Academic journal article Medium Aevum

The Transmission of Old English Poetry

Academic journal article Medium Aevum

The Transmission of Old English Poetry

Article excerpt

Peter Orton, The Transmission of Old English Poetry, Westfield Publications in Medieval and Renaissance Studies 2 (Turnhout: Brepols, 2000). xviii + 223 pp. ISBN 2-503-51072-8. Eur. 50.00.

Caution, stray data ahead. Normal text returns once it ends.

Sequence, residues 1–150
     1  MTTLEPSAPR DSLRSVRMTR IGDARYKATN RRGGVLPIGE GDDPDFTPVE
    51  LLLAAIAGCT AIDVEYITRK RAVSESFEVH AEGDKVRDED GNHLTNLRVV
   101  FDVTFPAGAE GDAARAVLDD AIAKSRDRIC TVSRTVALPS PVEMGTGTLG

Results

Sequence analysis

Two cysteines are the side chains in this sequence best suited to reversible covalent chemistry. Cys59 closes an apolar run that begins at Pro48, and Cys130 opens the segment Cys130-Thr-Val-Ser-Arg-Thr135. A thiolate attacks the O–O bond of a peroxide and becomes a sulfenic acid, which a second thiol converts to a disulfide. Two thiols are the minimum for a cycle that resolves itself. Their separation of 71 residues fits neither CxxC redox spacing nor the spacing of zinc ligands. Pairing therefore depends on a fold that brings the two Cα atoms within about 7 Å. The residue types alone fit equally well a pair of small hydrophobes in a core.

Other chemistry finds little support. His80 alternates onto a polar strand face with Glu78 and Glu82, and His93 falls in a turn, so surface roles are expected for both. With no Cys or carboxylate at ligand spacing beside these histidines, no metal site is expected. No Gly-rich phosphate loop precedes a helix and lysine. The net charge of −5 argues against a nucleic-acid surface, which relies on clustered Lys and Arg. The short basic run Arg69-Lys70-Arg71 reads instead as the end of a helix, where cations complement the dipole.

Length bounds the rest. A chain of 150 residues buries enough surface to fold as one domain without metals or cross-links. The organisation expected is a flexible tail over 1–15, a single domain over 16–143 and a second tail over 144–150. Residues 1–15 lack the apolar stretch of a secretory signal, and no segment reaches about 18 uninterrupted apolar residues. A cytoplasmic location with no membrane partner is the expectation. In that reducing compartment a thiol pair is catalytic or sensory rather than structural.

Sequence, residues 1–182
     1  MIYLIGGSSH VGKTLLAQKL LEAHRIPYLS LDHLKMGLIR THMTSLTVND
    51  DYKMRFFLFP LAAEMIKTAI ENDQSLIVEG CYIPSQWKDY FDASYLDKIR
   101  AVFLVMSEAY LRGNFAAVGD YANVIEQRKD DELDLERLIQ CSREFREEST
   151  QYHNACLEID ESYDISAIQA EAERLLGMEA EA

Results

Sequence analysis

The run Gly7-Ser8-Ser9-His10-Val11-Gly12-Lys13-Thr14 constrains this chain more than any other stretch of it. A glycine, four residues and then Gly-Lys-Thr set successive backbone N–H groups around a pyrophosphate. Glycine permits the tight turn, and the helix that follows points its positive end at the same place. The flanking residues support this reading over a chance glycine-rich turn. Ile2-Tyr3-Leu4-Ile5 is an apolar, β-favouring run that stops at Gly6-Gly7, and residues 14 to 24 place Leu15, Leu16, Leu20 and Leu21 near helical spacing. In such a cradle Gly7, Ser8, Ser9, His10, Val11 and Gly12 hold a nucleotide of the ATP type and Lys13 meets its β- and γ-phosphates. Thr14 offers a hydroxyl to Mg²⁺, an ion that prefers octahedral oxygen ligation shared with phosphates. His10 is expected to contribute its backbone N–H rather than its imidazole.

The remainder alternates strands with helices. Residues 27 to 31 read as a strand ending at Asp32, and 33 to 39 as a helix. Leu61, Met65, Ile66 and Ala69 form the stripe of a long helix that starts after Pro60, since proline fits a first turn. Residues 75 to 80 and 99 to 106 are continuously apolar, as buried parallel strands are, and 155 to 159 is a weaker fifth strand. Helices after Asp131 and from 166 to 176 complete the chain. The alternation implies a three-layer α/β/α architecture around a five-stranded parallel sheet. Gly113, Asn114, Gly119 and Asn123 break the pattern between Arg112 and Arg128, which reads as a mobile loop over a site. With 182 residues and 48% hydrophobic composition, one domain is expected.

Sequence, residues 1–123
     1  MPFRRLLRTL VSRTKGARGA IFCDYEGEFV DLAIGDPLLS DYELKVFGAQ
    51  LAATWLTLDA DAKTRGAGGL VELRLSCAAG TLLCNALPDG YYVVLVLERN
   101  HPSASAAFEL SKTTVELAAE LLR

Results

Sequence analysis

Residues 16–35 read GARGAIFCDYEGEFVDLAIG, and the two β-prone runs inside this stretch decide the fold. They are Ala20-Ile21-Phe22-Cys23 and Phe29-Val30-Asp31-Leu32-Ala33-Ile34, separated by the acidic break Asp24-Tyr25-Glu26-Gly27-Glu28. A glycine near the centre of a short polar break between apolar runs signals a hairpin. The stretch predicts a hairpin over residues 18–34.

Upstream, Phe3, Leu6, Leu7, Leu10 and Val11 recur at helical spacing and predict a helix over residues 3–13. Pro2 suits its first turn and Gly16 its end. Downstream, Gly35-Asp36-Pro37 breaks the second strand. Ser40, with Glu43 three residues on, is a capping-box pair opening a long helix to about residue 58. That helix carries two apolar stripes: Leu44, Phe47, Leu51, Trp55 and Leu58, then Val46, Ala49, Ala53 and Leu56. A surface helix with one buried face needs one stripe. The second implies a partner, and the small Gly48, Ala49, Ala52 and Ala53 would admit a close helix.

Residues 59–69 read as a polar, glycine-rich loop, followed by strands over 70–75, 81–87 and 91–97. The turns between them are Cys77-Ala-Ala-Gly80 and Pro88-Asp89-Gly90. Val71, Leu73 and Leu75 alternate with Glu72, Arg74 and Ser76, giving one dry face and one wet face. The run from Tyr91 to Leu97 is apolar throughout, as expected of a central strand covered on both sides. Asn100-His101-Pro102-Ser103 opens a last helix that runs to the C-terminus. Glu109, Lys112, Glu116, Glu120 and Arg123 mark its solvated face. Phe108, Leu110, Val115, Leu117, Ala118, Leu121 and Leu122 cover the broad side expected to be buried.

Peter Orton examines Old English poems which survive in multiple copies in an attempt to address Kenneth Sisam's question of 19 53 as to how accurately Old English poetry was transmitted. Of the 185 Old English poems or fragments which survive, 20 have, wholly or in part, multiple manuscript versions, amounting to 2.2 per cent of the total surviving poetic corpus. Orton compares all of these in close detail, excluding only the three shortest texts, in order to discover as much as possible about the kinds of influence to which Old English poetry was subject during transmission. The book is organized by classification of variants according to probable cause: scribal imposition of standard spellings, mechanical errors, responses to existing corruptions (when detectable), modifications due to misunderstandings of the exemplar, and deliberate changes. Probably no one will agree with all of Orton's classifications and arguments, but all the evidence of variation is presented, and the general method is sound and leads to a number of interesting conclusions. There is considerable evidence that some copyists, especially those working late in the period, had a poor understanding of the language of the texts, especially nonstandard spellings, poetic vocabulary, or words used in unfamiliar senses, because their substitutions often do not fit the general context; these scribes had a narrow focus on the immediate context only. Other copyists seem to have been both more ambitious and more successful; for instance the versions of Solomon and Saturn and Azarius/Daniel often differ but in ways which make it difficult to access which might have priority over the other, and Azarius/Daniel in particular shows a wide range of variants of all kinds, even grammatical modifications, which are evidence of at least one free, confident, and competent transmitter. …

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